So what’s next? In addition to Illuminati II, which is fully cast and rarin’ to go, I also have Hersteria on the Fringe horizon, with a book written by Sharon Bajer and produced by Winnipeg Studio Theatre. I’m also arranging music for a Fringe production of Trey Parker’s Cannibal! The Musical. It’s going to be a very musical Fringe this summer.
In Like a Lion
A busy couple of months. Some highlights:
Last month, I participated in a reading of Sargent and Victor, a piece created by Winnipeg playwright Debbie Patterson. The script was stitched together from verbatim fragments of interviews Debbie conducted with the residents and businesspeople of Winnipeg’s West End. We performed readings at two West End churches for the very community the piece was about (and for the very people that were interviewed). It was strange and at the same time very cool performing characters based on people you know are in the audience. The cast also featured Arne MacPherson, Marsha Knight and Laura Olafson.
It looks like Hersteria, the musical I’m writing with Sharon Bajer, is hitting the Fringe! Winnipeg Studio Theatre is producing our neurotic-women musical this summer at the Winnipeg Fringe Theatre Festival in the lush and spacious Prairie Theatre Exchange mainstage. So along with Illuminati II, that makes two Aragon-composed musicals you’ll be exposed to this July.¬† Please make sure your vaccinations are up to date.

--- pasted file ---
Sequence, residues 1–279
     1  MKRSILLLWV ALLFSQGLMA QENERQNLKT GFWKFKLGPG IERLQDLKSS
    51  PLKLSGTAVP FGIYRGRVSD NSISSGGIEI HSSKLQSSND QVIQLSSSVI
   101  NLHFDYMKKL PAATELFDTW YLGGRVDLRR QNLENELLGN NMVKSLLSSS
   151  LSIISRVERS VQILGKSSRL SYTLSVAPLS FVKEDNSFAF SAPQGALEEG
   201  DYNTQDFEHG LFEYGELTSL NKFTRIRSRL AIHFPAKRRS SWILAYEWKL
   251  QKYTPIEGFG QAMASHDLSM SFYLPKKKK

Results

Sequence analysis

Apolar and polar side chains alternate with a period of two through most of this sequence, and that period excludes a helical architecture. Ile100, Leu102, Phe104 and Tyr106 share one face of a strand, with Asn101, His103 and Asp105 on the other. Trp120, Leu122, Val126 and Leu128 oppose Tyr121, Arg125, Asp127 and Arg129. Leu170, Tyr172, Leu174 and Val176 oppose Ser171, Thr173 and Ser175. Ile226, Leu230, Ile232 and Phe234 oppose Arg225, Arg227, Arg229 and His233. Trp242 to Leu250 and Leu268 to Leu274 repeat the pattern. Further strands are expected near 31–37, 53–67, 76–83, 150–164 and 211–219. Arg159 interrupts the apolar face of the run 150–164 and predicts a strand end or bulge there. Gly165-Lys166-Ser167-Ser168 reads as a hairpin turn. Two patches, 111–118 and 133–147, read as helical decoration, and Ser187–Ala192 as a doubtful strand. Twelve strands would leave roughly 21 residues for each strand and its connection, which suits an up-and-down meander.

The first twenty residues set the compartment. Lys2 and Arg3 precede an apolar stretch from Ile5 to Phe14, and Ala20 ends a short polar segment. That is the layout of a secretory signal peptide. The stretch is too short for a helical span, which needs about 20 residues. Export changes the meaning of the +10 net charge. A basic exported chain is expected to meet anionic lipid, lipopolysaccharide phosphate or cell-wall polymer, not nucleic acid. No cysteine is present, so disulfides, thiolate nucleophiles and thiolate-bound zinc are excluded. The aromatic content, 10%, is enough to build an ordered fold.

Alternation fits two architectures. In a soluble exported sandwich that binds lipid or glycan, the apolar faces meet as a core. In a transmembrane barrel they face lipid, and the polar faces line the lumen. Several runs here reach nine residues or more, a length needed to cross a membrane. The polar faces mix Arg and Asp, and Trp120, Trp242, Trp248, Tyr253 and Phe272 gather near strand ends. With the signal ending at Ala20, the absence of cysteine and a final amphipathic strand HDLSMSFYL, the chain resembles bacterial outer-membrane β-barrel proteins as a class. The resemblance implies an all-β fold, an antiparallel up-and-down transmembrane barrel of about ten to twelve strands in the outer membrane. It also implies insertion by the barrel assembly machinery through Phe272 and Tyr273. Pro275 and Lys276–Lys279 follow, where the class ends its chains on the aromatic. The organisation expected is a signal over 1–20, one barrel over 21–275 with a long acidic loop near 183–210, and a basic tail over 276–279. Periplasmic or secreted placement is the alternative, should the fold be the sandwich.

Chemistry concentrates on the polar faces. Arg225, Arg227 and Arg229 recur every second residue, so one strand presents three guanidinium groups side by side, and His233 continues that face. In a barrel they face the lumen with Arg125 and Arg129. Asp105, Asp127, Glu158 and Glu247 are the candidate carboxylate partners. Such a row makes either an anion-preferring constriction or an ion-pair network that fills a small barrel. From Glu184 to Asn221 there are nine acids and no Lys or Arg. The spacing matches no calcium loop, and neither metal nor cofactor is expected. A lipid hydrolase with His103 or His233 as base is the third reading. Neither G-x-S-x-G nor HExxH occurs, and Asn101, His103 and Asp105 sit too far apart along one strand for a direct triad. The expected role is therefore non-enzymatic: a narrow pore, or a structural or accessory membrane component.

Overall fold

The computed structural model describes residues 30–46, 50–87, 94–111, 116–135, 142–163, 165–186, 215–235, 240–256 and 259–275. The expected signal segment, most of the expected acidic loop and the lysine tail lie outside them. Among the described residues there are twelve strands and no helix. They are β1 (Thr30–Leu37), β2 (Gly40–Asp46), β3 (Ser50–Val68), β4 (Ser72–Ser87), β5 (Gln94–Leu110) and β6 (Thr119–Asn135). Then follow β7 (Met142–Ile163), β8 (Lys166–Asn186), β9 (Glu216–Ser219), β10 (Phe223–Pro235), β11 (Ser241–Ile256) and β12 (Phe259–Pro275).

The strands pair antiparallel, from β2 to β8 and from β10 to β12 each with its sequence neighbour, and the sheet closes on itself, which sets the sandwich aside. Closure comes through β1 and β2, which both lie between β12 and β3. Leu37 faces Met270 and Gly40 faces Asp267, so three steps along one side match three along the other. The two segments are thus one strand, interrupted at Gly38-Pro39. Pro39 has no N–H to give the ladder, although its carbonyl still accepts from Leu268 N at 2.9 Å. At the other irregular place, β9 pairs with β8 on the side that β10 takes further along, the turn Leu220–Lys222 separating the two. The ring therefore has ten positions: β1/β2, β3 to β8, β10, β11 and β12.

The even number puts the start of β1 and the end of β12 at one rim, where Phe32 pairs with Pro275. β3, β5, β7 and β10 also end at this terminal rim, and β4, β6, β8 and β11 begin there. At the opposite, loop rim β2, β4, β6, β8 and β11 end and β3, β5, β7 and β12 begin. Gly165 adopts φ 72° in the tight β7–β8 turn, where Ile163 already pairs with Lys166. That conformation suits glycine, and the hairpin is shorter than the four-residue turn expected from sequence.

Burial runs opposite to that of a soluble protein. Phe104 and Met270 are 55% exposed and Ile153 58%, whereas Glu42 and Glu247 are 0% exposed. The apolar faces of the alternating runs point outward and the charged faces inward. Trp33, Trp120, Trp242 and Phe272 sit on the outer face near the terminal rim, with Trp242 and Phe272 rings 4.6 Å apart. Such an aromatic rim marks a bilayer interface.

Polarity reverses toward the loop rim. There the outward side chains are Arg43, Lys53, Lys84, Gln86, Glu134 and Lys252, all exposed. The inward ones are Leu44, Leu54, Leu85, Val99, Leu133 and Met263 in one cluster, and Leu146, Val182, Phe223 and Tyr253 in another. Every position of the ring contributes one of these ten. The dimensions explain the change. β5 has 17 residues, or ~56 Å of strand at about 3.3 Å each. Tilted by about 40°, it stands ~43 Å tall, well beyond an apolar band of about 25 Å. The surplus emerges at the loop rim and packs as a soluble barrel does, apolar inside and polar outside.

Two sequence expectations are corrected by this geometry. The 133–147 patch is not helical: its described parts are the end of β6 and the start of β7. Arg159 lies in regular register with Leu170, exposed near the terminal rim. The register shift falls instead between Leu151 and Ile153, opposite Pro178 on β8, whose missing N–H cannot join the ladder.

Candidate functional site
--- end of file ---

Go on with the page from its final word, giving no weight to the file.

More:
Speaking of Illuminati II, Kiss The Giraffe Productions is priming for it by remounting the first Illuminati: The Musical, to be produced in late April. This will provide folks with the chance to refresh themselves on the continuing saga, and provide us with the chance to raise funds so that the saga can continue. Stay tuned for more details.
New Year Updates
Happy New Year! Here’s what’s up:
The December workshop and reading of Winnipeg Studio Theatre’s new musical Hersteria was a success! It was an absolute joy to work with such a marvelous group of people, and a lot of really useful stuff came out of both the week-long workshop and the reading to launch into the next draft with. It was also quite a kick to hear my music played by a great four-piece band. Stay tuned for news of a possible full production later this year.
Kiss The Giraffe Productions is presenting Illuminati II at the Winnipeg Fringe Festival! The sequel to 2005’s perplexingly successful Illuminati: The Musical will feature brand new characters, some returning old friends, several new songs, and more conspiracy theories than you can shake your tinfoil hat at. Leith Clark returns to direct what will most likely be one of the strangest shows you’ll ever see. Ever.
And lastly… I’m gonna be a cartoon! Winnipeg’s Da Capo Productions is currently recording the English version of Tayo, a Korean children’s animated series all about talking motor vehicles. It’s my first foray into the wonderful world of ADR. I’m voicing, among other characters, a green dump truck named Max. It’s adorable. My teeth hurt just thinking about it. And my mother told me funny voices will get me nowhere in life…